In 1880 Robert (age 23) and Jane Tinsley (age 22) were living in household 199-202 in Rockcastle County. They had two sons John H. Tinsley (age 5) and James W. Tinsley (age 3). Two children Alice Mize (age 9) and Anner Mize (age 7) were listed in their household as boarders. Robert's occupation was engineer. All members of the household were listed as mulatto. Peter Mullins and James S. Mullins were their neighbors.

I am not sure if Peter's occupation as engineer was for the railroad or mining. I believe they moved to Laurel County in 1882 when the mine opened at Altamont. I know Robert was living at Altamont in April 1885 when he died. The April 10, 1885, issue of The Mountain Echo reported, "Altamont, Ky.: Our town lost one of its best colored citizens last week of pneumonia, whose name was Robert Tinsley."

Jane Tinsley married Jeff Elliot August 18, 1887, in Laurel County. (Marriage Book M, page 471) Presumably Jane was widowed again because Jane Tamor Elliot married Simon Goodman on December 20, 1896, in Laurel County. They were bonded (Marriage Bond Book CC, page 138) and obtained their license on December 17, 1896. (Marriage Register Book PP, pages 248-49) The minister or the clerk mistakenly wrote November 20 instead of December 20 on the Minister's Return.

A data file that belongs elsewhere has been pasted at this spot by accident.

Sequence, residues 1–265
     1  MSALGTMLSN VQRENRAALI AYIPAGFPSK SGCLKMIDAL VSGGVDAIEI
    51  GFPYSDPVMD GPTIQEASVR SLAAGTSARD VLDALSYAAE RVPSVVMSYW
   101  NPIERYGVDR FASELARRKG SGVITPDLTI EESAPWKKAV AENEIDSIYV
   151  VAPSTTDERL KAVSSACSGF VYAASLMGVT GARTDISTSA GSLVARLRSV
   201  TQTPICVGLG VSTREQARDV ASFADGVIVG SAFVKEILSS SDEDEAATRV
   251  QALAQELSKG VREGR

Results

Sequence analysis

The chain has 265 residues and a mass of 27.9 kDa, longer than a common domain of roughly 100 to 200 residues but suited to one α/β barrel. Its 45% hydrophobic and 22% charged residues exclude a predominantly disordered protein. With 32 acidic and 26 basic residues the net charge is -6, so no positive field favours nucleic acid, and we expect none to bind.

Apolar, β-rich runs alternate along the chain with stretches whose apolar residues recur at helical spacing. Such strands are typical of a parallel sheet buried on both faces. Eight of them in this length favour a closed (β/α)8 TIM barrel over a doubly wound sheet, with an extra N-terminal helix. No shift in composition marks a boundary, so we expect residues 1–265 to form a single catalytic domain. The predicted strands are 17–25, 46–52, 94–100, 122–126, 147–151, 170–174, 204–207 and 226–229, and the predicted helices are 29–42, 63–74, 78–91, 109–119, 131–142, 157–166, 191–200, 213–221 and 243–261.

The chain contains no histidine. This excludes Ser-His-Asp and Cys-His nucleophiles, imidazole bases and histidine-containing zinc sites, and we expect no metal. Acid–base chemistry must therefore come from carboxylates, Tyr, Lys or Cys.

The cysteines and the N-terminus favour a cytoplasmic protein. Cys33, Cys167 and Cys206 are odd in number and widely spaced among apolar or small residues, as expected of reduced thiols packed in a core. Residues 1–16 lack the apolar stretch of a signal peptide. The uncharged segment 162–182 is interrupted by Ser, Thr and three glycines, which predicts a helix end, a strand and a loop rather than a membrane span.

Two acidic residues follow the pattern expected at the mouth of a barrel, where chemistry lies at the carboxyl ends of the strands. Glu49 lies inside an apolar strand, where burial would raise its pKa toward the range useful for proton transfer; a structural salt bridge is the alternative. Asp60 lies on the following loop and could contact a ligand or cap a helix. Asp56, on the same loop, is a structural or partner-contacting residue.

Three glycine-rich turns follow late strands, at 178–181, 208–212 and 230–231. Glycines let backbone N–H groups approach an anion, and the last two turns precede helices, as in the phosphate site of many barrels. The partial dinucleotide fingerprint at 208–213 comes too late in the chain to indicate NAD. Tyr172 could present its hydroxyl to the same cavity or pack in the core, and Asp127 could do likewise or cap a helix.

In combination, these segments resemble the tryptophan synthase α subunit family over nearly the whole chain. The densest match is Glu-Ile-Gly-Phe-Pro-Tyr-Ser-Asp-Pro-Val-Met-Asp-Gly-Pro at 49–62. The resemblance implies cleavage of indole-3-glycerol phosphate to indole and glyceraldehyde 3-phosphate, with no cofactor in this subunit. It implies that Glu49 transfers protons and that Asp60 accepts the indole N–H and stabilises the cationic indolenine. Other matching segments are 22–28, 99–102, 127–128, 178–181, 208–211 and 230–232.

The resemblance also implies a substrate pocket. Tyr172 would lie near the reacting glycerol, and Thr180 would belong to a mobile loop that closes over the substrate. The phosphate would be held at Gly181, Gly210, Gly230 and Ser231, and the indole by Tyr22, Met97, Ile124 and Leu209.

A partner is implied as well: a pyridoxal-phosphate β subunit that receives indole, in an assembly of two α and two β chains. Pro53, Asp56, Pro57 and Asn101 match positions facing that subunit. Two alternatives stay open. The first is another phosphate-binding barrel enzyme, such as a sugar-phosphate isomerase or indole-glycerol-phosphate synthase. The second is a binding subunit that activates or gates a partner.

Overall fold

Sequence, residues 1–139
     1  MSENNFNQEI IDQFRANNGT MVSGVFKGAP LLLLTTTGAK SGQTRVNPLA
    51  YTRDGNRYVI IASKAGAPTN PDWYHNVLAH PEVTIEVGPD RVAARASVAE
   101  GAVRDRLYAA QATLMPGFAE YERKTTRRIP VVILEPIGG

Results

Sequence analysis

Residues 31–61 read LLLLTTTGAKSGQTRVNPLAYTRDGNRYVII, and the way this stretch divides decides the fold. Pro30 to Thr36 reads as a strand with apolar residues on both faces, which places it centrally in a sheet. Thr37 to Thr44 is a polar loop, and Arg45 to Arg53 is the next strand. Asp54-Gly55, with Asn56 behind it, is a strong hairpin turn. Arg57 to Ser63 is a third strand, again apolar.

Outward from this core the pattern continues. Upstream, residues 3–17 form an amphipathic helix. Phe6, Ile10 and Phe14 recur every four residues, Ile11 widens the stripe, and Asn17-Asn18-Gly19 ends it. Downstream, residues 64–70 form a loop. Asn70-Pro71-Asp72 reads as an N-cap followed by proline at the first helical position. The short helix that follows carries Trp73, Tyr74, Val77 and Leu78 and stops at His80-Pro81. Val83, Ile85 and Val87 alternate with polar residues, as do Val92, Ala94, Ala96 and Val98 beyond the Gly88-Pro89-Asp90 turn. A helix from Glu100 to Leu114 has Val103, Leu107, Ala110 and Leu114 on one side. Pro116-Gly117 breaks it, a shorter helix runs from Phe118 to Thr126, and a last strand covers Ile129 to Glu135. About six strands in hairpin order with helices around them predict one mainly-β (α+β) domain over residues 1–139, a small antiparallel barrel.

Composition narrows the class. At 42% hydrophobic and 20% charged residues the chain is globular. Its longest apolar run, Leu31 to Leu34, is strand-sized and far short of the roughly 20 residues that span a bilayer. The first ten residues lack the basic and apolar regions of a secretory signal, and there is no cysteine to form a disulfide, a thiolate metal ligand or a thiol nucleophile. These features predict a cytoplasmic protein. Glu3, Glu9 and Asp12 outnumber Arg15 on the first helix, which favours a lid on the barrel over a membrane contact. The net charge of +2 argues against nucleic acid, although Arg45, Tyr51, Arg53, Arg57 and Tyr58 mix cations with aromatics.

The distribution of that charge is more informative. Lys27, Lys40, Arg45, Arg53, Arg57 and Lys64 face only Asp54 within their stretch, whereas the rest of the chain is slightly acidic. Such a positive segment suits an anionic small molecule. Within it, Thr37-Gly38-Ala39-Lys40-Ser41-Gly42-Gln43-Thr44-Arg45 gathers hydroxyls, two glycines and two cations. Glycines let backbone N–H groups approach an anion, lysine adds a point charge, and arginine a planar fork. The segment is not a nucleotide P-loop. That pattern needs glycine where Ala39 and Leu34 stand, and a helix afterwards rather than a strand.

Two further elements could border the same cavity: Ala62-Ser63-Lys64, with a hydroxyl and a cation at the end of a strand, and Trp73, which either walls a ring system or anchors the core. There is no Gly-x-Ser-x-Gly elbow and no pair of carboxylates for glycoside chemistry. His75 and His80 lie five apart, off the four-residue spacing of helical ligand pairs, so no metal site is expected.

We find the Goodman family on the 1900 and 1910 Laurel County census reports. In 1920 Jane and Sampson Goodman were living at Flat Lick in Knox County with Jane's daughter Lula Riley. Their son Sampson was also living there. Simon Goodman died March 9, 1920, in Knox County. Jane returned to Laurel County and was the head of the East Bernstadt household 26/26 in 1930. Her granddaughter Ola Tinsley and Ola's two children resided with her. Her daughter Lula was two households away. Jane died April 19, 1930, in Laurel County.

Jane had the following children:

1. John H. Tinsley born 1875

2. James W. Tinsley born 1877; married Bettie Spencer Oct. 17, 1897, in Laurel County. (Marriage Book CC, pages 145-146)

3. Cleo Tinsley born August 1881

4. George Stepheson Tinsley born April, 1884; died 1937 in Lynch, Harlan County. (This information came from his death certificate which was almost illegible on Ancestry.com.)

5. Lula Elliot born March 4, 1891; married Fred Riley; died April 3, 1957; buried Pittsburg Cemetery. (The Carsons provide information on this family on pages 51-57).